Thursday, January 26, 2012

When I Don't Desire God

I've put off reviewing any John Piper books for a while for two reasons:
  • These books are already well-known, widely read, and widely reviewed.
  • I've found reading Piper's books to be a bit of a hard slog.
This book was given to me for my 23rd birthday and I read it right through for the first time in 2010.  So if you give me books it shows I will read them eventually ('eventually' being the key word here).  The title was what bumped this book up my reading list since I suspect I am not the only Christian who feels like I don't 'desire God' at times.  We all have times of spiritual dryness and I desperately wanted to see if there was a cure.

The quote I posted yesterday is one of Piper's most well-known ones.  It epitomises his theology - we are here to enjoy and love our Creator.  I really appreciated this reminder of what it means to enjoy God.  The problem is I often feel like I don't.

From the blurb:
For over twenty-five years John Piper has trumpeted the truth that "God is most glorified in us when we are most satisfied in Him."  He calls it Christian Hedonism.  The problem is that many people after being persuaded, find that this truth is both liberating and devastating.

It's liberating because it endorses our inborn desire for joy.  And it's devastating because it reveals that we don't desire God the way we should.  What do you do when you discover the good news that God wants you to be content in Him, but then find that you aren't.

One of the main things I got our of this book was that joy is both a gift and a command.  We are commanded to fight for joy, yet God is the only one who can ultimately give us that joy (it is a fruit of the Spirit).  It sounds like a contradiction, but it is really just another example of the mystery of God (like prayer and the Trinity).

Piper goes into the difference between desire and delight, the role of God's Word and prayer in our fight for joy, and there is a very helpful chapter at the end entitled, When the Darkness Does Not Lift.  Despite what it may sound like from the blurb, this book is NOT a guilt trip.

The reason I don't find Piper so easy to read is that he is a bit more theologically 'hardcore' than some other authors and also because he lacks the easy readability and chatty style of authors like John Dickson, whose books I have greatly appreciated.  That doesn't mean that Piper is not worth reading.  He is definitely worth a go, but you have to pick your time i.e. I've found I need to read it when I have the time and space to concentrate well - it's not a book to read when you're tired.  For a long time I've felt like some kind of dummy because I haven't read and quoted Piper like older and more mature Christians I know, but now I realise that's ok.  Piper is helpful, but he is not the only helpful author out there.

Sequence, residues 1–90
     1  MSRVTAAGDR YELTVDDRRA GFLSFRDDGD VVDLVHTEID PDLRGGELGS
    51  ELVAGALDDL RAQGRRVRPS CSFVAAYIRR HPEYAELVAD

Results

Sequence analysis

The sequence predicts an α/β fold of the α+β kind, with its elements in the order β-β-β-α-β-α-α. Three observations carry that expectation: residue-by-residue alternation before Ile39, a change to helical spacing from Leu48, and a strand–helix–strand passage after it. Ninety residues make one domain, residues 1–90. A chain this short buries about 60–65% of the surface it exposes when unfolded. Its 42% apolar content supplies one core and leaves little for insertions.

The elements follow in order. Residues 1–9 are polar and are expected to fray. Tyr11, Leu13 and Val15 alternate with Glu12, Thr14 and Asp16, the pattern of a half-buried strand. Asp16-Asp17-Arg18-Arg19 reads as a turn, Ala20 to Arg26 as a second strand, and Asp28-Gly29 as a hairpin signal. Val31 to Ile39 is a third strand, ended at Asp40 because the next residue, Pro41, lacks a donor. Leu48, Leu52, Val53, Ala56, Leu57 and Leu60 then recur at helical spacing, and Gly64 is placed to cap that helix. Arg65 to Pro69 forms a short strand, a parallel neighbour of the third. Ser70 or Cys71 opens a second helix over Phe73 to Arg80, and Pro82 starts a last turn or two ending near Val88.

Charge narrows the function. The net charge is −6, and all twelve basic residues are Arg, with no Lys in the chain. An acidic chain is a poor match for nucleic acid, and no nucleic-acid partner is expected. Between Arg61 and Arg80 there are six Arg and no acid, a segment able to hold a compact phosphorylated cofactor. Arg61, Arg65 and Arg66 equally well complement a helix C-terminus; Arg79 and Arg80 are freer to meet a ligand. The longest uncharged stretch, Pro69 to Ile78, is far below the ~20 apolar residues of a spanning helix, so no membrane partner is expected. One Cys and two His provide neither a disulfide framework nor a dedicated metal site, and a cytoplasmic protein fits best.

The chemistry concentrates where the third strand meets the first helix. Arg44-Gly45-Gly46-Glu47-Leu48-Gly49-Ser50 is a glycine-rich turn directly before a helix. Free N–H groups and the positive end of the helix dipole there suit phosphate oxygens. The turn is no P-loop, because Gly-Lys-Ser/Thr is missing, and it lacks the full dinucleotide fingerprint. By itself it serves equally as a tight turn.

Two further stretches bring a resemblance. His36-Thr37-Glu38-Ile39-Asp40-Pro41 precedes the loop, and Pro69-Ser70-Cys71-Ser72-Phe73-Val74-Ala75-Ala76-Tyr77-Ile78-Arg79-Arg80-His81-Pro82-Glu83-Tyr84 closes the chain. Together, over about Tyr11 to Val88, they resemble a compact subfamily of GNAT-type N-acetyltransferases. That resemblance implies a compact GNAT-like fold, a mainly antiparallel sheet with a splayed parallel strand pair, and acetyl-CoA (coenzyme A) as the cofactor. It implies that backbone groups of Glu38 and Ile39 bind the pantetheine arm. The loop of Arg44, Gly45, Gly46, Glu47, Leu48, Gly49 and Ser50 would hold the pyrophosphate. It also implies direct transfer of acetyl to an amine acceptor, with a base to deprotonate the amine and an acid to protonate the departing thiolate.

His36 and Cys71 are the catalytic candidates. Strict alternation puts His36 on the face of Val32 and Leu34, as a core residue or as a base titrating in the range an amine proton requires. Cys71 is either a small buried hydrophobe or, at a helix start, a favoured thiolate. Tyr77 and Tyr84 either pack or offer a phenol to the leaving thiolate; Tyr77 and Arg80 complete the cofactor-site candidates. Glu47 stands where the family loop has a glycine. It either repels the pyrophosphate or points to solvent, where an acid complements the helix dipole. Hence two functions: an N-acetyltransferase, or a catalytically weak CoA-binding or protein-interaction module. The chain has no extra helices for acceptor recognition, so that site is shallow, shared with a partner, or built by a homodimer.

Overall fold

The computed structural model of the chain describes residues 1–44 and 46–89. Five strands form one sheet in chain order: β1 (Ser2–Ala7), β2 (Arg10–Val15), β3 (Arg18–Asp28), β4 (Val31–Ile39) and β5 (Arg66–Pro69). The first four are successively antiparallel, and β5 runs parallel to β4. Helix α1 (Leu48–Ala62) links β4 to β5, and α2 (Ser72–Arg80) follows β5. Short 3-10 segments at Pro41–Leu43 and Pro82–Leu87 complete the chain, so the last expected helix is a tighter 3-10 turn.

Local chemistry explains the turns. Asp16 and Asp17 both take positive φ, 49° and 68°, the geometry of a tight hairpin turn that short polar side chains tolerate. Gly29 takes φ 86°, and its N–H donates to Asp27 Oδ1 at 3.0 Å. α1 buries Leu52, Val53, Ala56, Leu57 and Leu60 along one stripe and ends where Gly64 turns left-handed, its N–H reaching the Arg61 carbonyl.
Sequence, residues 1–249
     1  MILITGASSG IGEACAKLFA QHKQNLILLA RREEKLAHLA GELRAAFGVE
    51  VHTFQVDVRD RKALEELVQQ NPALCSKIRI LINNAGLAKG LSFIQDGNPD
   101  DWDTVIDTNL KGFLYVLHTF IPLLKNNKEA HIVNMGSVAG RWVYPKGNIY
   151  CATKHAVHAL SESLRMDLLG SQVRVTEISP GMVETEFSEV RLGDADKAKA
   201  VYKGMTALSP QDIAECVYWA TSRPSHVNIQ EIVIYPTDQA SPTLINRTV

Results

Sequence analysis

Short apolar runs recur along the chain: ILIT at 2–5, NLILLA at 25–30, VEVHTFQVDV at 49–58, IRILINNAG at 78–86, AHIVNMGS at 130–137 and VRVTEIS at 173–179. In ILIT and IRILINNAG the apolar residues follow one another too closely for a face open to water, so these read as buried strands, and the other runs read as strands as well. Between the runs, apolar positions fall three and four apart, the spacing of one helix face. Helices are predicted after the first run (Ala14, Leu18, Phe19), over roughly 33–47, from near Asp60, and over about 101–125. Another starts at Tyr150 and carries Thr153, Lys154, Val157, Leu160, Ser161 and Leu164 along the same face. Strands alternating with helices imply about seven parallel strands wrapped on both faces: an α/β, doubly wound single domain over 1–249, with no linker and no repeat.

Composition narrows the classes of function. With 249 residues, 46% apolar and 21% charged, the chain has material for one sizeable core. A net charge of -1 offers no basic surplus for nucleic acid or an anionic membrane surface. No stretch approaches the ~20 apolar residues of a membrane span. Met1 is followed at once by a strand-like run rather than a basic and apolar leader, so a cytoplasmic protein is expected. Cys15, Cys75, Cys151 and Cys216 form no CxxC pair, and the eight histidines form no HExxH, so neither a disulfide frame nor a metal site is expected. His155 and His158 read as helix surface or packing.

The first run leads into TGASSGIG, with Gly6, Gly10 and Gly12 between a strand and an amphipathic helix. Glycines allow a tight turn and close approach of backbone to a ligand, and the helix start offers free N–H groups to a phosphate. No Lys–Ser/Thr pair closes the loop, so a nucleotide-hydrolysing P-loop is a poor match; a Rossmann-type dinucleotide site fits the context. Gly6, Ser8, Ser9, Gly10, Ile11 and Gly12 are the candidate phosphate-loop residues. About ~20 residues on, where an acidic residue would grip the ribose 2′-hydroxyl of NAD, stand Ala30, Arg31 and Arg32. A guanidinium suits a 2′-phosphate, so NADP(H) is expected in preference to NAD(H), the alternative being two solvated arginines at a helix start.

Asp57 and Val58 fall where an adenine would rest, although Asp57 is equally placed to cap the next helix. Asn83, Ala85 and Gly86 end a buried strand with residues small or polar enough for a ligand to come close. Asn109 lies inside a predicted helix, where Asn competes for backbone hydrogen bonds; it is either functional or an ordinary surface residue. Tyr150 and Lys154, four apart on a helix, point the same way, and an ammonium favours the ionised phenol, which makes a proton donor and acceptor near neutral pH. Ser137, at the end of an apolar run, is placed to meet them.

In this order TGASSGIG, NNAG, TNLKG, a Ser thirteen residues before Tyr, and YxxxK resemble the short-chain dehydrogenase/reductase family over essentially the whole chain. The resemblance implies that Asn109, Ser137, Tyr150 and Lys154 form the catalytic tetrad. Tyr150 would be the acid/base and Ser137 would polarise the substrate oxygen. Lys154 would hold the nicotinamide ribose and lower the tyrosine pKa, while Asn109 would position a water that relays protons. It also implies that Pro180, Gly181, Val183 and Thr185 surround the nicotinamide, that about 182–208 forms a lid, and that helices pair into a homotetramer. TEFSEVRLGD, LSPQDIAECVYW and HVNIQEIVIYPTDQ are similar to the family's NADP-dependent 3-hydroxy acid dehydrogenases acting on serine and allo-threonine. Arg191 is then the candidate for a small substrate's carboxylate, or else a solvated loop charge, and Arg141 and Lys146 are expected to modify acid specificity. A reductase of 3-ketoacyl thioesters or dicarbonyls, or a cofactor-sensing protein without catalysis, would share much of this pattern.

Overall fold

I heard a sermon at my church recently about the difference between happiness and joy.  Happiness is circumstancial; a person may feel happy when they are healthy, have friends, have employment etc, but that happiness is not sustained when these things are taken away.  Joy, on the other hand, is not based on circumstances but on what God has done.  I have joy in God because of who He is and what He has done, and this joy remains even when my personal circumstances are poor.  Piper urges his readers to fight for JOY, yet he doesn't seem to think there is a great difference in meaning between happiness and joy:
In this book I will use many words for joy without precise distinctions: happiness, delight, pleasure, contentment, satisfaction, desire, longing, thirsting, passion, etc.  I am aware that all of these words carry different connotations for different readers.  Some people think of happiness as superficial and joy as deep.  Some think of pleasure as physical and delight as aesthetic.  Some think of passion as sexual and longing as personal.  So I signal from the outset that the Bible does not divide its emotional language that way.  The same words (desire, pleasure, happiness, joy, etc) can be positive sometimes and negative sometimes, physical sometimes and spiritual sometimes.  That's the approach I take.  Any of these words can be a godly experience of the heart, and any of them can be a wordly experience of the heart.

Interesting.  I plan to look at joy and happiness more in another post, but would appreciate any thoughts you have on the two words.

This book is worth a read - particularly if you're going through a spiritual dry patch.  But read it slowly.  There's a fair bit to take in.

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